The best ending to this little story is that my two daughters have now given me five grandchildren. Hopefully, I will not push them as I pushed their mothers. That is now my daughters’ job. My job is to now spend time writing books for them as a way to make up for being “pushy” with their moms.

Epilogue to Worst Travelling Mom

Daughter Number Two runs this blog and gets final editorial say so. She renamed this article from “Worst Travelling Mom?” to “Challenges and Benefits of Travelling with Kids.” She believes that travel and experiencing different cultures gave her empathy and the ability to see the world from other’s perspectives. This blog was actually founded to give her children the experience of travelling to learn. She believes that travelling with kids helps them build resilience, empathy and confidence. And, makes them better world citizens. To read more about this visit our About Us page.

Travelling with kids is hard, no question. But the benefits of travelling with kids are endless. Here is one mom's story of expat life and pushing her kids. #familytravel

Travelling with kids is hard, no question. But the benefits of travelling with kids are endless. Here is one mom's story of expat life and pushing her kids. #familytravel

Travelling with kids is hard, no question. But the benefits of travelling with kids are endless. Here is one mom's story of expat life and pushing her kids. #familytravel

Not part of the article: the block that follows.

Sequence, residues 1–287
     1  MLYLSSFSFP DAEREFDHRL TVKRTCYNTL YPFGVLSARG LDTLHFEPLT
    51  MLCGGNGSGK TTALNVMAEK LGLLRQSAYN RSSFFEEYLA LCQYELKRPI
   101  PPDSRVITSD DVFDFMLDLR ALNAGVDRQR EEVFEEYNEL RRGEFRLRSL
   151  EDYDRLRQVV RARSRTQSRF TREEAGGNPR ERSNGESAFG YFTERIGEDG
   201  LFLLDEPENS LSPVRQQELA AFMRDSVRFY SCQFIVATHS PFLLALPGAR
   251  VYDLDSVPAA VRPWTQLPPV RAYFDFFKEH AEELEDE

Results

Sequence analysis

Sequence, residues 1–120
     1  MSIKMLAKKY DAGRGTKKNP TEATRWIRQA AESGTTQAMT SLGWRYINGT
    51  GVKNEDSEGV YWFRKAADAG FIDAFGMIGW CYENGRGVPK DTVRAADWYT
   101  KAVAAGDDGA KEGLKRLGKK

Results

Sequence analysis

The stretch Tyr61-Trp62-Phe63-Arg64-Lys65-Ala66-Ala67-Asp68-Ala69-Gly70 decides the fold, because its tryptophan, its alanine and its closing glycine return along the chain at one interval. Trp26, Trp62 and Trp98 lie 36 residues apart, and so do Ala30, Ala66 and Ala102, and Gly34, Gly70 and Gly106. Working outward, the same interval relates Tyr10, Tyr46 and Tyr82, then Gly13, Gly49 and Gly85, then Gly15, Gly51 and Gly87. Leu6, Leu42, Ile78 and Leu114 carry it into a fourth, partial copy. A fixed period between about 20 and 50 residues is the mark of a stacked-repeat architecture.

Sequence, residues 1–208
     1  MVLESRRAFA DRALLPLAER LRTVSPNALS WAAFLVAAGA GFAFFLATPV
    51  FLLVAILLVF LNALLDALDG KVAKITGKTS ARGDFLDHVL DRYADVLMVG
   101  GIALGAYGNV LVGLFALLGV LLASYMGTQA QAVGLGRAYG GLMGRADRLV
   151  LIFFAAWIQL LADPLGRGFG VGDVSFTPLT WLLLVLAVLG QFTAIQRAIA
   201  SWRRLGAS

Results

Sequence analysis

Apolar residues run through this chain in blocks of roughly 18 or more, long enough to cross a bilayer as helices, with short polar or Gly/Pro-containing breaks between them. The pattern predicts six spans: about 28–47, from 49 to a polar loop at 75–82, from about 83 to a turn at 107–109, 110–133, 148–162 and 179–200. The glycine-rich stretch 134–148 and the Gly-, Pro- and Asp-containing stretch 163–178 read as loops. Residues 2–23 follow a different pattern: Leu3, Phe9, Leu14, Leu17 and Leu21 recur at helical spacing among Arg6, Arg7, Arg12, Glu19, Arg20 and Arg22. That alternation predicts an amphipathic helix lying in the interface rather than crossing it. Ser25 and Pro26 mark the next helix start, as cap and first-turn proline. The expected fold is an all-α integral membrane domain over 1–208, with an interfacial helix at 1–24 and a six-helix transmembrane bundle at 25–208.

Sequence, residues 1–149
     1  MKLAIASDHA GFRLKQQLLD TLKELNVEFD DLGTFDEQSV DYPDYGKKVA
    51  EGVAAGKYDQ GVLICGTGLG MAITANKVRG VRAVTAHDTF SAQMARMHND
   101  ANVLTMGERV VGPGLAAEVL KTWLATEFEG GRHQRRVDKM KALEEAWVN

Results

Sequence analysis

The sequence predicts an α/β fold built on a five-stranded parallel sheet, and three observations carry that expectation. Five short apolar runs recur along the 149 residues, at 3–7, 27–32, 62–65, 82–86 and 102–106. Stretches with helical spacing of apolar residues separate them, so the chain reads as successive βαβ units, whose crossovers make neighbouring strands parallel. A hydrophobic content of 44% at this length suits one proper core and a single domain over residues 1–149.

A Mom’s Perspective: Challenges and Benefits of Travelling with Kids

Liana Moore

Liana Moore is a third-culture kid with a hangover from those days that is a severe case of wanderlust. She is more comfortable driving the cliffs of Amalfi, Italy or the dirt roads of Costa Rica or attempting to decipher the street signs of Osaka, Japan than navigating the theme parks of Disney World. But she loves it all. She doesn't believe a vacation is complete without an adventure. Her husband and kids know well that "adventure" often is code for mishap or challenge and it usually results in a good story. They seek outdoor experiences whether in the mountains, on a beach or in the jungle of a tropical country. Her favorite vacation is... all the ones she hasn't yet taken, as well as those she plans on taking again. And, that list is so, so long. But she continues to extensively explore her home state of Colorado, spends lots of time wandering Texas, California, New Mexico, Costa Rica, Mexico, Norway and has even explored Kazakhstan.